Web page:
The startup tax and accounting ten commandments
So you have been working at ‘[insert name here] Probe’ as the tech lead for the last three years and another day there and you will strangle someone. You have a plan. You and your mate have developed a killer idea to address a problem that has never been tackled by technology. It is pure genius – scalable, disruptive, investor worthy and there is a readymade market. So you develop a prototype and the two of you are exhilarated by the prospects to take it to the next level and turn this into a real business.
You quickly realise that to turn this into a real business will require working with strategic and experienced advisors. You will immediately need a tax accountant and commercial lawyer who understands tech, startups, deal flow and transactions. So you sit down with your trusted tax accountant and put together the ‘Ten Commandments’ for your startup:
1. Structure – this is as important as breathing for a startup. Get the right structure up and running and you can easily bring in investors, apply for R&D Tax Incentives, access tax concessions etc. Get it wrong and the consequences aren’t pretty nor cheap.
2. Paid equity vs sweat equity vs phantom equity – important to agree and determine for the founders, investors (current and future). A discussion involving the founders, lawyer and accountant.
3. Employee vs Contractor – this relationship is determined based on facts and commercial agreements and reality rather than avoiding obligations like superannuation, PAYG Withholding, WorkCover and leave entitlements.
4. Registrations – are you registered for GST, PAYG Withholding etc? These are important registrations that will allow you to claim back GST on purchases and correctly withhold and pay staff.
5. Choosing your accounting software – get this right and doing your accounts, BAS’s and keeping great records will be a breeze. This isn’t just important for your accountant. This will become increasingly important for financial analysis, investors and third parties such as banks. Choose cloud based software with proven ease of use.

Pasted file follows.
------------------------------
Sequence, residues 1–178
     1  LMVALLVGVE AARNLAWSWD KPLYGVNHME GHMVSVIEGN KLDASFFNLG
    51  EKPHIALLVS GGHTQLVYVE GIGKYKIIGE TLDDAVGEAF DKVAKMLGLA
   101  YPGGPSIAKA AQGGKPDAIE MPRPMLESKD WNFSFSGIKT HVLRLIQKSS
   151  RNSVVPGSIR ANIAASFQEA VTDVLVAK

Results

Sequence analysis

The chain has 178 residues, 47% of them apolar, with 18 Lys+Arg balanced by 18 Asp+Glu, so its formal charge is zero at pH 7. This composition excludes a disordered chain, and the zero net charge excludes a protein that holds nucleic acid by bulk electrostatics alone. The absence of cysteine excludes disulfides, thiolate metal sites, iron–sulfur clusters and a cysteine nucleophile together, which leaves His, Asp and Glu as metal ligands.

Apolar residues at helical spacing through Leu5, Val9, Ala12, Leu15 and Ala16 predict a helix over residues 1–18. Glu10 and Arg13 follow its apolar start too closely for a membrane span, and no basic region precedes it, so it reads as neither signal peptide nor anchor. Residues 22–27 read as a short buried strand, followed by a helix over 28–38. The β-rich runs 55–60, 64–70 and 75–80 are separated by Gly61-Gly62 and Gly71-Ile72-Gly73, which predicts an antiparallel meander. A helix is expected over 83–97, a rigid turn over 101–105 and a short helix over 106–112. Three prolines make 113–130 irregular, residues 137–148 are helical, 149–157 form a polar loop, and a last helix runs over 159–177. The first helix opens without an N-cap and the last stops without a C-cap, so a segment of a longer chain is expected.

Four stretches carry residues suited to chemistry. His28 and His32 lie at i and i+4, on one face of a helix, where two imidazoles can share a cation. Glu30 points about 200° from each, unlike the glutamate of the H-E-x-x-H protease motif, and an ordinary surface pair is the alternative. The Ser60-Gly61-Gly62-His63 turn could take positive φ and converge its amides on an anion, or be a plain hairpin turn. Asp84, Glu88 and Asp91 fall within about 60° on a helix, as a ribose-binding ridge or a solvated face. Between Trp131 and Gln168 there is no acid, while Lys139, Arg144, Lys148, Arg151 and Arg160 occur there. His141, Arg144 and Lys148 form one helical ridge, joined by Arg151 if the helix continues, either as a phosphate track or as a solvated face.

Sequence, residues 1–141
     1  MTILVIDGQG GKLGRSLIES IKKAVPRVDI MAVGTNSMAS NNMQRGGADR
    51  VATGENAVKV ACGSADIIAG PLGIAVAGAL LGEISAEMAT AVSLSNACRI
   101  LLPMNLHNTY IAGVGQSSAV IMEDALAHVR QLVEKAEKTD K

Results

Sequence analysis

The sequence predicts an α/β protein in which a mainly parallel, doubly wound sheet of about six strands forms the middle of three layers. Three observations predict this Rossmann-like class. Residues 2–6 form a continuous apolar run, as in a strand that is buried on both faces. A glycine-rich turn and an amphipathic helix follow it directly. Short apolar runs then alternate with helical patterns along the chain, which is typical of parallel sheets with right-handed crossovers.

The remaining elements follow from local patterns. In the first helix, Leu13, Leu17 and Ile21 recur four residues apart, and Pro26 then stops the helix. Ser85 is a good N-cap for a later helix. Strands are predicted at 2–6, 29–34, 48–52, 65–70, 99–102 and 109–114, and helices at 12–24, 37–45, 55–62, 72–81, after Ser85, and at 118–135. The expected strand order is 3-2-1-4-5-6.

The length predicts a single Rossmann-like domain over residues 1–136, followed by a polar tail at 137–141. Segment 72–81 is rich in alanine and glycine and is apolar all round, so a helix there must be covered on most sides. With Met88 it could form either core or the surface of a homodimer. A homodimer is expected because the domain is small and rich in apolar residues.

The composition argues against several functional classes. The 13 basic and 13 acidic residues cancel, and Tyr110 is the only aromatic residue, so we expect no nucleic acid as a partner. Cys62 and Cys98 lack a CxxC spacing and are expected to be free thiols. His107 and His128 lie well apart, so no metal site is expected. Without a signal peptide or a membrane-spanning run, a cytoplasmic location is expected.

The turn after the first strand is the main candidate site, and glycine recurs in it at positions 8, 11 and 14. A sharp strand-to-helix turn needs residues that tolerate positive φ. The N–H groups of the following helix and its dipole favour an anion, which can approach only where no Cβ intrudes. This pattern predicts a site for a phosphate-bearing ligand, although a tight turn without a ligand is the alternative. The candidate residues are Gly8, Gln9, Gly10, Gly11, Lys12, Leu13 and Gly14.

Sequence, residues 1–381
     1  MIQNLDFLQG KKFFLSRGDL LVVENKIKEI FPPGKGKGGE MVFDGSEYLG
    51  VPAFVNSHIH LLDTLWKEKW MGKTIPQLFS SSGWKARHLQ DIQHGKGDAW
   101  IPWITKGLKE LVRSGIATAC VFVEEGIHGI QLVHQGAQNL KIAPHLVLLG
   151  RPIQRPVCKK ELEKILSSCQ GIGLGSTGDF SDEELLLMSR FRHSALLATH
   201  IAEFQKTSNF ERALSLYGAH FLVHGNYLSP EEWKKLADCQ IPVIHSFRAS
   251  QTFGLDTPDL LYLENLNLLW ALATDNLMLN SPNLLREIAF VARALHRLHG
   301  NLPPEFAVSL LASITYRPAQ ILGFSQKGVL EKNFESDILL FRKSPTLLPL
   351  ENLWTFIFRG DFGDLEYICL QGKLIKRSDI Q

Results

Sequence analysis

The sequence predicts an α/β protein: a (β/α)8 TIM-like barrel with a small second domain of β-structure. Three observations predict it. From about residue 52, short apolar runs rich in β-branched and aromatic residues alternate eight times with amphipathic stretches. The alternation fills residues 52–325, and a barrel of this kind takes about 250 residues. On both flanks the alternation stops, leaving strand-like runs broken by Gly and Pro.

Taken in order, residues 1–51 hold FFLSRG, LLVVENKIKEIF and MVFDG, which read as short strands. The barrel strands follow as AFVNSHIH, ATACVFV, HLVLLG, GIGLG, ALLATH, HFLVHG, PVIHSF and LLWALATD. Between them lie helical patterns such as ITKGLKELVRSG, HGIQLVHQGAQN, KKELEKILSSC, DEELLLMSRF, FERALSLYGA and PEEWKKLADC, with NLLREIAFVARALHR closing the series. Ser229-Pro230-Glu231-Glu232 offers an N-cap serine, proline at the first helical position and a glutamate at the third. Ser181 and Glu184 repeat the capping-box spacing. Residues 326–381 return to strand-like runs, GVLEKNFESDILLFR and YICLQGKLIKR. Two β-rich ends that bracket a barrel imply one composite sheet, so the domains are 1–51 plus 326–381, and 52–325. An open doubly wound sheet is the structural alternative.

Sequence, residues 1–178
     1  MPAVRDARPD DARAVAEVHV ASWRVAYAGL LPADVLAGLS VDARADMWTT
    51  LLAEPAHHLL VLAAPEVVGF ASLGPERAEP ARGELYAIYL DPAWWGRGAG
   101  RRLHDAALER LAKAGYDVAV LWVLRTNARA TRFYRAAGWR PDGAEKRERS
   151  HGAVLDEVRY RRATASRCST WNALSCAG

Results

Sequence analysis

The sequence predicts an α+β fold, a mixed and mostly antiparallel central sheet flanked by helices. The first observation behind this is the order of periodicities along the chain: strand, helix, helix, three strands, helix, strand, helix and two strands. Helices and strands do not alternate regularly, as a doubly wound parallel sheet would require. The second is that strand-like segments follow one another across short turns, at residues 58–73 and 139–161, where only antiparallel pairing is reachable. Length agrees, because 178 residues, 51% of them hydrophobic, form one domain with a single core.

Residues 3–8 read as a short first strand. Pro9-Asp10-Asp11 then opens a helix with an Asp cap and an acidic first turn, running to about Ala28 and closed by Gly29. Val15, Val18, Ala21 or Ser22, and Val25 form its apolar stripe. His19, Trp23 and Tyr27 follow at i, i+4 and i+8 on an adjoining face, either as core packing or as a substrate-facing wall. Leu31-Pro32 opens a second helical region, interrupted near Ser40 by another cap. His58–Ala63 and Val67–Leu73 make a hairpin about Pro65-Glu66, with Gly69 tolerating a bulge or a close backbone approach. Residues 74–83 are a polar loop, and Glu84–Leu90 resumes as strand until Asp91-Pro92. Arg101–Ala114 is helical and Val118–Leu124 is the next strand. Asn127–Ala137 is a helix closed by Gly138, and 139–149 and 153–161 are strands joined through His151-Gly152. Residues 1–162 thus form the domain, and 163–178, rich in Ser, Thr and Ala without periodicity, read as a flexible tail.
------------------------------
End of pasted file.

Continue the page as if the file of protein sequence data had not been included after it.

6. Compliance and knowing your obligations – understanding your tax obligations (i.e. GST, Income Tax and PAYG Withholding) and factoring in these payments into any cash flow forecasts and projections is critical. Ignorance is certainly no excuse!
7. Manage your cash – are you managing your cash flow or is it managing you? Before you hire that gun developer and take staff out to the latest food craze venue – be clear. Can the business afford it? Check points 5 and 6.
8. Know the tax rules – stay as legally close as possible (without intervention orders being issued) to your tax advisor. Know the rules of what is deductible and plan for it. How is entertainment treated? Who pays Fringe Benefits Tax? What happens with asset purchases?
9. Tax Planning – ties into Point 8 and depending on size and need of the business this can be done monthly quarterly or annually.
10. Exit – you need to have a plan for this one. If you don’t, trust me – someone else will have one for you – and it won’t be optimal! This one ties into the structuring Point 1.
These are but a summary of some of the key considerations for any viable startup. There are many others – but a healthy working relationship between the troika of the business, accountant and lawyer will make sure you sail towards success.